Patience – Liverpool Shouldn’t Rush Ox’s Return

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Liverpool fans were devastated when Alex Oxlade-Chamberlain picked his serious knee ligament injury against Roma in April. Despite having been playing regularly for the club for less than six months, Ox had already demonstrated that he was a crucial part of the Reds’ midfield, adding a dynamism and energy that made a real difference, scoring critical goals, assisting Mo Salah on a regular basis and rapidly becoming one of the Reds’ most influential pressing players.

It’s understandable then, that his return is something that Liverpool are hyping up, and something that fans are lapping up. Everyone wants to see him back to his best, as quickly as possible, making a difference to this Liverpool team, as we know full-well that he can do. And whenever news is leaked to the press about his return, there’s a fresh wave of optimistic speculation as to the moment he steps back onto the pitch in full flight.

The latest news is that he’ll return to training in mid-late February and possibly be fit to make his return to the first team squad in March, which naturally has caused a rapturous response from Reds fans, hopeful that he’ll be able to make a critical impact on the Reds’ title race – something that if he can get back to his best before the end of the season he’s more than capable of doing.

But at this stage, it’s sensible to air on the side of caution with regards to Ox, both in terms of how the medical staff and Klopp handle him, but also as fans – we need to make sure that we temper our expectations. Expecting too much too soon from a player recovering from one of the most serious injuries you can sustain on a football field is a sure-fire way to be let down.

The first thing to note is that whilst the journos have been quick to push the narrative that Ox will return before the end of the season, those same journos were very slow to point out that he would miss the entire season, with AI’s Si Brundish revealing we’d be unlikely to see Ox in 18/19 well before it was publicly reported.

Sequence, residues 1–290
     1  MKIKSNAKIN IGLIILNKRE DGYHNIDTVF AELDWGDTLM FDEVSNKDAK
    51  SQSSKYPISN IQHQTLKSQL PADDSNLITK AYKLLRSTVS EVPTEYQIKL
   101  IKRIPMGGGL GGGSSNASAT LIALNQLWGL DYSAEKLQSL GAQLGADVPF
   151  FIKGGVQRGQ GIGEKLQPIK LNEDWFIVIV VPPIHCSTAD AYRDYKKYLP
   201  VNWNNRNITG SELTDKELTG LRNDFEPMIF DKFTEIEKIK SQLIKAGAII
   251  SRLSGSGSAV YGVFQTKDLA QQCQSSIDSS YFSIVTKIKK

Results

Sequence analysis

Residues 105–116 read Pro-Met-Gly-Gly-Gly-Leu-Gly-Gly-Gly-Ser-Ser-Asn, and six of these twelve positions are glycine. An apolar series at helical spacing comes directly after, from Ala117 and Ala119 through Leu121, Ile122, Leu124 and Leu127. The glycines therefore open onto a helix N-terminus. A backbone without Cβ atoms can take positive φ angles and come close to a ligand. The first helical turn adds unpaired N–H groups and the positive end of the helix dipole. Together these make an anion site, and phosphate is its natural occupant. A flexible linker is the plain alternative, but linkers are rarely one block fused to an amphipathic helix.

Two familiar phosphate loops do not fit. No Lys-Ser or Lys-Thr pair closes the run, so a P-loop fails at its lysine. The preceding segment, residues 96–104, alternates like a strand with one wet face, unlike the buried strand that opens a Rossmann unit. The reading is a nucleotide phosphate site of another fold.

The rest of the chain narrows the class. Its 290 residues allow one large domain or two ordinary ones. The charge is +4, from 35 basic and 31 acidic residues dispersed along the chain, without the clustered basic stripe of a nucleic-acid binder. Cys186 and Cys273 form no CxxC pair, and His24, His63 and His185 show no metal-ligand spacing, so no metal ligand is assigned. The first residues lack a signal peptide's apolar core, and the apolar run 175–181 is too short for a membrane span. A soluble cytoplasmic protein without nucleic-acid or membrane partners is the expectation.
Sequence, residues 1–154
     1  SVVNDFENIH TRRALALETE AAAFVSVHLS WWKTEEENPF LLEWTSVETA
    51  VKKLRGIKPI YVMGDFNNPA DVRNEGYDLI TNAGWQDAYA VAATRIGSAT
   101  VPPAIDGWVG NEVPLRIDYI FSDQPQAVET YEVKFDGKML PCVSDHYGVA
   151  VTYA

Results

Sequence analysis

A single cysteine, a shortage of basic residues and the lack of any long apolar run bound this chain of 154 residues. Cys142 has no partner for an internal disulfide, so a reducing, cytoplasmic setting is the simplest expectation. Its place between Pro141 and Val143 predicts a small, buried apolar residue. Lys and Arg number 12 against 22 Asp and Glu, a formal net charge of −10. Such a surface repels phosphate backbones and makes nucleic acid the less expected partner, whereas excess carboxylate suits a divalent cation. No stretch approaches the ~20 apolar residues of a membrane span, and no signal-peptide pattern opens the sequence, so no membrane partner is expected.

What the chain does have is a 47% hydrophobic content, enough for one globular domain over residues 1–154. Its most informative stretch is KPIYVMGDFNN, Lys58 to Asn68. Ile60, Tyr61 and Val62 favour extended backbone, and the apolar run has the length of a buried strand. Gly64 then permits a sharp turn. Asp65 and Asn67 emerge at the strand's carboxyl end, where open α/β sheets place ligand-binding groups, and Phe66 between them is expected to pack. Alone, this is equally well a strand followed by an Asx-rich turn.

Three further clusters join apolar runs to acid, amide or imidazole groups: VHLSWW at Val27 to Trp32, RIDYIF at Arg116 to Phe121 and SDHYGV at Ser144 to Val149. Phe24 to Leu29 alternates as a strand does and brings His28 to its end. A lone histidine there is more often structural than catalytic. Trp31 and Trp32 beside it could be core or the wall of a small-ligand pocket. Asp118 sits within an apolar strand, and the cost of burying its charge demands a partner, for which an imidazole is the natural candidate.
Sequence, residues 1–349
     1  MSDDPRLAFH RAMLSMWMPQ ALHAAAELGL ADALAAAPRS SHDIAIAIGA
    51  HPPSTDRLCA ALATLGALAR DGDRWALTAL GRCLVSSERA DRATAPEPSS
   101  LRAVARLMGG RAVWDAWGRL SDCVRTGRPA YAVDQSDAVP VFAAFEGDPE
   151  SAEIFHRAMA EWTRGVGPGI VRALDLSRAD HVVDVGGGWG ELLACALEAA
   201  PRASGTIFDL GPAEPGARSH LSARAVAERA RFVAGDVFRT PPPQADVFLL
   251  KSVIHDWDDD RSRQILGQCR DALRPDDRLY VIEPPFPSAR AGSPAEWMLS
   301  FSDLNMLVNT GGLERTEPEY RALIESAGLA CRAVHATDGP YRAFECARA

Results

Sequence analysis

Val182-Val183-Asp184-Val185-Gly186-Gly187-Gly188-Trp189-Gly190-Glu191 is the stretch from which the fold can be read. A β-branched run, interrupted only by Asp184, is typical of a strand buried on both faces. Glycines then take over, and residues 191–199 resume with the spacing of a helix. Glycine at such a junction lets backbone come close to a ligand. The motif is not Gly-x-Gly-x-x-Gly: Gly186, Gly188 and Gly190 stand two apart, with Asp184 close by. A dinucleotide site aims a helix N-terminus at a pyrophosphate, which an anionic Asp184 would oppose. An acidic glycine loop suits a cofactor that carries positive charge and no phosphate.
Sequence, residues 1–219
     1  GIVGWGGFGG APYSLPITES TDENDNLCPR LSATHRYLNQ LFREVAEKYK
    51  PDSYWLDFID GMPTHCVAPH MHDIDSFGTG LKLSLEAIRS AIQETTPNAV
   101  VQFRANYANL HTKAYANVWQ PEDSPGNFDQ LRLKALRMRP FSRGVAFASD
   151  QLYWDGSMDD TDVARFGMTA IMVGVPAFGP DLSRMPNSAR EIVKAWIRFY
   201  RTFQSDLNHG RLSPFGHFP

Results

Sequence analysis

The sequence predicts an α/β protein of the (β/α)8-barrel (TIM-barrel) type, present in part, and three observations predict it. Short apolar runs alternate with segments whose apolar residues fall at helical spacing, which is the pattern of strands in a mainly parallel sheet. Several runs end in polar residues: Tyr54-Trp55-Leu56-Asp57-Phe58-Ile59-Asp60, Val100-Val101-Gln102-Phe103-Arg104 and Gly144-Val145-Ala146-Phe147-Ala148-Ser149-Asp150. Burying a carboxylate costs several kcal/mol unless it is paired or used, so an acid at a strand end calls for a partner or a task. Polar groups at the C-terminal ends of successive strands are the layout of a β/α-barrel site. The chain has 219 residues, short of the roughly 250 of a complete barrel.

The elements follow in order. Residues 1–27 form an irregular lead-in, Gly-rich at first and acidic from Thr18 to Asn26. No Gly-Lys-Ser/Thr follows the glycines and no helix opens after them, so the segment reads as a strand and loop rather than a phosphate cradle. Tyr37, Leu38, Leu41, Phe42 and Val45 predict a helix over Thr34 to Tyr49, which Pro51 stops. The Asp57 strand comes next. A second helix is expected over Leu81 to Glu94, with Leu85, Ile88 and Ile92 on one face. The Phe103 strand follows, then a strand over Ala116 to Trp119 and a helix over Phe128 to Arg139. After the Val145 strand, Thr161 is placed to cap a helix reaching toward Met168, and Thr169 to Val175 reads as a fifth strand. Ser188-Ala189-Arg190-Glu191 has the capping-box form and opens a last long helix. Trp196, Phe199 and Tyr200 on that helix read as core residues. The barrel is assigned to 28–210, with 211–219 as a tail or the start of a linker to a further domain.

The fact is that the sensationalisation around Ox’s return is just that, sensationalism and it’s yet unclear exactly when Ox will be able to step foot onto a football field. The other factor is that these same articles peddle conflicting narratives – simultaneously insisting that the club won’t take any risks with Ox whilst also tantalisingly hinting that he might be available to play against Bayern Munich, which sports scientists would argue is pretty much the definition of taking a risk.

Whilst it remains entirely plausible that Ox hits the ground running in training, finds his fitness immediately and instantly returns to the form of a year ago – form that it took him several months to build in the first place – it would be far more plausible that he’s eased in, making a handful of sub appearances here and there, ready for a significant step up in next year’s pre-season.

The point is that if Ox returns to training in the last week of February, he’ll be pretty much on schedule for his return, not miles ahead of schedule which is the narrative that some are looking to put forward. Even if he was miles ahead of schedule, Liverpool should remain extremely cautious about how they use him.

If Oxlade-Chamberlain is, as we all consider him to be, an extremely valuable player, then we should want him to be treated with the utmost care, taking absolutely zero risks. Throwing a player back into high-intensity situations so soon after returning from a serious injury would be an unnecessary risk, particularly when Liverpool have demonstrated that in Fabinho, Wijnaldum, Shaqiri et al, they have plenty of talent in the midfield to cope without him.

I want Ox to come back as strong as ever, and I want him to be a crucial part of this Liverpool side again, but the simple fact is that it will take time for him to build up his fitness, his form and return to somewhere near his best. Even if he does get some serious appearances this season, it’s unlikely that he’ll be immediately up to speed, and even more unlikely that Klopp would risk him in the big games unless he absolutely had to.